For your average Facebook user, the company's auto-generated videos gather together important life moments. But the company's systems make those videos for self-identified terrorists, too, helping them spread terror-related content and imagery of militant activity, a whistleblower group alleges.
The bombshell complaint filed with the Securities and Exchange Commission also claims the Menlo Park social media giant – already under heavy fire over privacy concerns, problematic content and its economic dominance – failed spectacularly to rein in the use of its platform by extremists, including Islamic State supporters.
"The auto-generated terror content we identified appears to be assisting individuals who profess sympathy for extremist groups in finding and networking with one another," alleged the complaint from the anonymous whistleblower, produced in collaboration with the non-profit National Whistleblower Center. The videos included "Memories" and "Celebration" clips for "self-identified terrorists," said the complaint, which included images from one video highlighting graphic war-time violence and insurgency.
Facebook said Thursday it's getting better at keeping extremist material off its platform.
"After making heavy investments, we are detecting and removing terrorism content at a far higher success rate than even two years go," the company said in a statement. "We don't claim to find everything and we remain vigilant in our efforts against terrorist groups around the world."
But the April 29 complaint, unearthed by The Associated Press, said, "far more extremist content remains on the platform than is blocked." Less than 30 percent of profiles of "Friends" of known terrorist groups were taken down during the five months last year when researchers behind the complaint studied the platform, the complaint said. Just 38 percent of profiles of "Friends" of terrorist groups featuring the groups' symbols were removed, according to the complaint.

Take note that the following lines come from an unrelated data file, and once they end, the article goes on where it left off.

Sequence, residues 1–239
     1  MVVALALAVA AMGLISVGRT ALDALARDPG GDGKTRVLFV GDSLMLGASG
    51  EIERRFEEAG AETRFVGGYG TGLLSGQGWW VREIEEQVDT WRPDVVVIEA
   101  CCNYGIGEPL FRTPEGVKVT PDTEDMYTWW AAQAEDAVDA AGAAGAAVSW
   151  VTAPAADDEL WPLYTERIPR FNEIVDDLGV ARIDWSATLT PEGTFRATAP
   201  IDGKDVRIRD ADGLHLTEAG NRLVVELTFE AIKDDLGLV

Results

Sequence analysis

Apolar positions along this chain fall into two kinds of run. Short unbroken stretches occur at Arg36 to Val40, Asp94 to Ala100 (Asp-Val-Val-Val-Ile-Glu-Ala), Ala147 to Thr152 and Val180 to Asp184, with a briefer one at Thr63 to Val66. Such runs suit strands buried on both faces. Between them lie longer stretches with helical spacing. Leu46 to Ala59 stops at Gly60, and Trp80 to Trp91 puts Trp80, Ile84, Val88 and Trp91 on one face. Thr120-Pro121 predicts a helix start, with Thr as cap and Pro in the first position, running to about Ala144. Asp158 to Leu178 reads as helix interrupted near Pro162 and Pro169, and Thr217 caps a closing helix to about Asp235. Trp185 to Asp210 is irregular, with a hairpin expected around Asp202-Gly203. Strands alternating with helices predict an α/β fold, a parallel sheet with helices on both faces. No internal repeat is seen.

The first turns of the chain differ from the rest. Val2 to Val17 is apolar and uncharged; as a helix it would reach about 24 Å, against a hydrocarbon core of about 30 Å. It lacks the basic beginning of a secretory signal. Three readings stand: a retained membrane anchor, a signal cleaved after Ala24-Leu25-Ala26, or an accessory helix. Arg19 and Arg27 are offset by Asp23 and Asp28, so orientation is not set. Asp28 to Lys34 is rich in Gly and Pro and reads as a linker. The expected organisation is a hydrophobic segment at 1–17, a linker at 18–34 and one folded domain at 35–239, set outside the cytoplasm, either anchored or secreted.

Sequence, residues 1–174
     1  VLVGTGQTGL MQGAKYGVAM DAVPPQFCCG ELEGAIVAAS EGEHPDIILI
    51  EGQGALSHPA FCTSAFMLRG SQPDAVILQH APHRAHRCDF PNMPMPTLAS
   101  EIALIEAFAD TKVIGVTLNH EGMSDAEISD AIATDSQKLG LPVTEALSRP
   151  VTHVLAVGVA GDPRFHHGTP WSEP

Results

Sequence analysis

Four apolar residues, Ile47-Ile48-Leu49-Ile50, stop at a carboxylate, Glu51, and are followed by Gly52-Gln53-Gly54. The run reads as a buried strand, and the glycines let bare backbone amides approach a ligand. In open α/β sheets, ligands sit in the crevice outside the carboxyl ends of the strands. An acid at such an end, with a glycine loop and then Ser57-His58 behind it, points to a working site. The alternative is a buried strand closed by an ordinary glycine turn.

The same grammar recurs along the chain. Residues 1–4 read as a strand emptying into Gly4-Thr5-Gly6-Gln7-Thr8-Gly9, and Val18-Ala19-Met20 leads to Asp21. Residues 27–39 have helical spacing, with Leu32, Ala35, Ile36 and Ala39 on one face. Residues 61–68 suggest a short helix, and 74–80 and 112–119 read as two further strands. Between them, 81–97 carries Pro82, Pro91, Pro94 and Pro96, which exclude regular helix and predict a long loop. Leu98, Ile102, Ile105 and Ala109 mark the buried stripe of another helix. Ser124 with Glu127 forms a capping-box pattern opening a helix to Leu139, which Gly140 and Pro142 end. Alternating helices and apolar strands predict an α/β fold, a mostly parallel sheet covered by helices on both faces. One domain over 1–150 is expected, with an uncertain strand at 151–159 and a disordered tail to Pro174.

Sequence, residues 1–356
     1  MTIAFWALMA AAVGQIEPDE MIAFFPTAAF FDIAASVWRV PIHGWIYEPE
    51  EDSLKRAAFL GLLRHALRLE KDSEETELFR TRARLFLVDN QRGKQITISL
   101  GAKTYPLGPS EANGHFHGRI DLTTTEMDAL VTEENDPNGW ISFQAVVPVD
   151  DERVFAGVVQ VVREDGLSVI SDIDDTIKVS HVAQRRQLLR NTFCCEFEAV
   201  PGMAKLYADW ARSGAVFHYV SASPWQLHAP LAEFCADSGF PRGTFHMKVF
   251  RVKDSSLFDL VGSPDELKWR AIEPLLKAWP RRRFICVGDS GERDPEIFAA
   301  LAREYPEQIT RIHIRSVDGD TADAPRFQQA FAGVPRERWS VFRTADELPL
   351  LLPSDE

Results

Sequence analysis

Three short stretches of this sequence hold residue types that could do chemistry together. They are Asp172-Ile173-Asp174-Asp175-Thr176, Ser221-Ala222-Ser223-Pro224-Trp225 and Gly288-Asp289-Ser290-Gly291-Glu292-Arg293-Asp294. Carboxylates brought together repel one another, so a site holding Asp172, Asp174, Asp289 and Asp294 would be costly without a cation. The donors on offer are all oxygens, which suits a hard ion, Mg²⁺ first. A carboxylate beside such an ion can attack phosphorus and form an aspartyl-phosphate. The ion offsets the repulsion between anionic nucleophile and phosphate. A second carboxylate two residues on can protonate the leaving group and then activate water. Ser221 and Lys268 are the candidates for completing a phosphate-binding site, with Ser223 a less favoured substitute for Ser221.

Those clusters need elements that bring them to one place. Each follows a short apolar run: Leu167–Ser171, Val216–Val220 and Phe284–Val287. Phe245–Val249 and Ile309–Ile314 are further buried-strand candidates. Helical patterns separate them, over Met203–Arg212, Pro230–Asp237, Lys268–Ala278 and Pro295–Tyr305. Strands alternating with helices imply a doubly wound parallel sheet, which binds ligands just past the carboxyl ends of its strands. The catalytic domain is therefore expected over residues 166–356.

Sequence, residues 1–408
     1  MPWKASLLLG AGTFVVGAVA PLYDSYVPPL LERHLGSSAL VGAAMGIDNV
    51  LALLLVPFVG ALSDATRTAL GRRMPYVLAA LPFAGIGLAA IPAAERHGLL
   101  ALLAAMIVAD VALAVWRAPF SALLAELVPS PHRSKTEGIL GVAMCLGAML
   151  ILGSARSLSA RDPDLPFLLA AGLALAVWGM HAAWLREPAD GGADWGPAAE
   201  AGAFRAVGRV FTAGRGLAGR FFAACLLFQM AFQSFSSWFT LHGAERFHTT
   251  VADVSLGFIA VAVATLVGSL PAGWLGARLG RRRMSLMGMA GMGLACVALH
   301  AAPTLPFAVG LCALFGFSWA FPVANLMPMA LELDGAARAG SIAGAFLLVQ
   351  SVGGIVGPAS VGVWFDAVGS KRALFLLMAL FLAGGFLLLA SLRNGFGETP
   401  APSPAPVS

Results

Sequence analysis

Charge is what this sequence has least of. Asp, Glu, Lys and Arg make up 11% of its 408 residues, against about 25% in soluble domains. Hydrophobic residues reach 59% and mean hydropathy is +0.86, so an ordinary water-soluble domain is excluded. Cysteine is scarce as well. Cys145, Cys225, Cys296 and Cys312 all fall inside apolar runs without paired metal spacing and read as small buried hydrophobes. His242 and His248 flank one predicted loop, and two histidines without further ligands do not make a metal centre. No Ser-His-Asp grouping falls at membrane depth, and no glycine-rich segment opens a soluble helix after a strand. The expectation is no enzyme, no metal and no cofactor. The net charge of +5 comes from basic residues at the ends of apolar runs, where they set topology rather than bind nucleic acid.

The researchers noted that Facebook CEO Mark Zuckerberg in 2018 boasted of his firm's use of artificial intelligence to purge terror content related to Al-Qaeda and ISIS, the complaint said.
"For ISIS members, getting around these checks has proven inconsequential," the complaint said. "To defeat Facebook's AI, one user simply listed himself as working at the 'Islamic State of Syria and Iraq' – reversing the order of 'Iraq' and 'Syria' in the ISIS name to make it ISSI.
"ISIS under its formal name appears to be the only terror group blocked. Even Al Qaeda affiliates appear relatively free to operate on Facebook. A search for profiles with jobs at Al Qaeda in the
Arabian Peninsula finds that not only is the group searchable, but Facebook itself has created a job page for the terror group – in English no less," according to the complaint.
Extremists exploited a Facebook function that auto-generates pages when someone notes a place or group on their page or elsewhere on the platform, according to the complaint. Pages were created for ISIS, its African affiliate Boko Haram, and Somalia Al Qaeda affiliate Al Shabaab, the complaint said. The Al Shabaab page had been up so long it had garnered thousands of "likes," according to the complaint.
Facebook said its systems take down 99 percent of content related to ISIS, Al Qaeda and affiliates before anyone sees it. Terrorists constantly change tactics to get content onto Facebook, so the company updates its counter-tactics accordingly, the company said.
The complaint said the company also auto-generated dozens of pages linked to Nazis, white supremacists and related criminal gangs, the complaint alleged. The American Nazi Party, the KKK, the Aryan Brotherhood and the White Patriot Party all had pages created for them, according to the complaint.
Facebook said that to keep hate groups off its platform, it applies similar tools to those it uses against foreign terror groups.
The SEC's Office of the Whistleblower was established under the 2010 Dodd-Frank Wall Street Reform and Consumer Protection Act. Since its inception, the office said in its 2018 annual report, it has ordered wrongdoers to pay $1.7 billion in sanctions, and paid $326 million to 59 whistleblowers.